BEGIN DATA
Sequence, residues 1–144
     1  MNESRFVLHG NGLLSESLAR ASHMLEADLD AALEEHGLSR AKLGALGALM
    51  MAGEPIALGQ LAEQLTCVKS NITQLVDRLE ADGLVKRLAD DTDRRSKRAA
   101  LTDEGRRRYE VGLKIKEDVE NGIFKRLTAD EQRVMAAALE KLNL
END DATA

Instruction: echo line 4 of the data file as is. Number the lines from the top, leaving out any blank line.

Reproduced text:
   101  LTDEGRRRYE VGLKIKEDVE NGIFKRLTAD EQRVMAAALE KLNL